Look into spending an entire weekend in town to explore the local arts scene, hang on the beach and boardwalk, have a sophisticated meal at Moonstruck and take in a show. There are lots of hotels to choose from, from the new and boutique-y The Asbury and the B&B-style lodging at the Hotel Tides

lake hopactong grass
Tomwsulcer/Wikimedia Commons

Lake Hopatcong (90 minutes from NYC by car)

While the Garden State has more beach towns than you could visit in one summer, it’s also home to some pretty epic lakes, like this North Jersey stunner. Lake Hopatcong is known for its boating—and boozing. Most visitors spend their time on the water with a bottle of rosé or a six-pack, basking in the sun and admiring the view of the tree-lined coast. If you’re looking for a more active weekend, you can do everything from water-skiing and tubing to fly boarding and kayaking. 

If you don’t keep a boat parked inside your studio apartment, you can of course rent one—along with a skipper—for the day, or simply enjoy a lakeside picnic or barbecue on the shore in Hopatcong State Park. 

le club avenue long branch
Courtesy of Le Club Avenue

Long Branch (1 HOUR 10 MINUTES FROM NYC BY CAR OR 1 HOUR 40 MINUTES BY NJ TRANSIT)

In its heyday, seven presidents visited Long Branch, but today—at first glance—the town seems like a stereotypical Jersey suburb that happens to be by the ocean. But a recent development called Pier Village has created a lively, walkable area of Long Branch that offers visitors access to some pretty great beach clubs, along with places to eat, work out and shop.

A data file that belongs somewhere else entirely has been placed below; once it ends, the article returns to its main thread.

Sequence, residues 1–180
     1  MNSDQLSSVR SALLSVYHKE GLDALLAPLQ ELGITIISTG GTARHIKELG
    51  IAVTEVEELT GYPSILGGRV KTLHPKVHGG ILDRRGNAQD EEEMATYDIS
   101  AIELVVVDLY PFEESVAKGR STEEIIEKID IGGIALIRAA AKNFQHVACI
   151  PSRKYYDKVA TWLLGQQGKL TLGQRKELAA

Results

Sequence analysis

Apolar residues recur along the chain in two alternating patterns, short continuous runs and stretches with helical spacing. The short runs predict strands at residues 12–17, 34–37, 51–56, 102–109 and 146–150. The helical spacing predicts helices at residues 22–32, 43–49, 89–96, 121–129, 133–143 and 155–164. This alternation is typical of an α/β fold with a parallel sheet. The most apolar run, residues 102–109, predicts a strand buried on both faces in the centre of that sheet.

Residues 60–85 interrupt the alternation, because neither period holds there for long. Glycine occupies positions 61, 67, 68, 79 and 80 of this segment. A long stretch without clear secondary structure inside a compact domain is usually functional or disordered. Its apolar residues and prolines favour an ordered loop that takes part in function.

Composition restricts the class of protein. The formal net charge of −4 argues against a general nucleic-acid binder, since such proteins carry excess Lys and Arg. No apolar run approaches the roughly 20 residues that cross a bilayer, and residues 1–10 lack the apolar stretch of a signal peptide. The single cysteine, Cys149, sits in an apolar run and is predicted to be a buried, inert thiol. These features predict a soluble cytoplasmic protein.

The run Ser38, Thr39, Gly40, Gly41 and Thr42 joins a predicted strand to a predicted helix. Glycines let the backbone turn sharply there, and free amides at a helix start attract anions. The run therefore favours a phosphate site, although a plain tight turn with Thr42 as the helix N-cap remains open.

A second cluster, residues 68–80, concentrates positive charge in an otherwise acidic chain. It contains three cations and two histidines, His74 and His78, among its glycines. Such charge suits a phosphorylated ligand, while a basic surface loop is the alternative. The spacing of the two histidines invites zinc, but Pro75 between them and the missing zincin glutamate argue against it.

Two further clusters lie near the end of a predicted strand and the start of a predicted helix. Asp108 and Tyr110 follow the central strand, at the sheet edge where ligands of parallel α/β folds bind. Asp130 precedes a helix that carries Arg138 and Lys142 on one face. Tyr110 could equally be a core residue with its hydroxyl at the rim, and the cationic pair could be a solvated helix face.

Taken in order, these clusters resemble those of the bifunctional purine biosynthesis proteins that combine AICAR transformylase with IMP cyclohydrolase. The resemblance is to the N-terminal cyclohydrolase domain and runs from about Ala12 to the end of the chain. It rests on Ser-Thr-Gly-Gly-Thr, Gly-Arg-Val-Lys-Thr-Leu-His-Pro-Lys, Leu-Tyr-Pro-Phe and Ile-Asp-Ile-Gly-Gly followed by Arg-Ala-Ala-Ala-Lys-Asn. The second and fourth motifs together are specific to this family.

Check in to the Bungalow Hotel for a night to take advantage of everything this pedestrian zone has to offer—it’s just steps from the heart of the village, where you’ll find a Lululemon pop-up, a day spa, a book and wine shop and a cool home decor store. Just across the street is a stretch of boardwalk and Le Club Avenue, a chic South of France—inspired beach club and brasserie complete with palm trees, private cabana service and a rooftop terrace pool. At night, the waterfront patio is the ideal spot to have a cocktail or grab a bite. 

And should you feel the need to jump into the car you rented (although Long Branch is easily accessible by train, too), head south of the town line into Deal, a sleepy enclave that’s like the Beverly Hills of Joisey...but by the beach.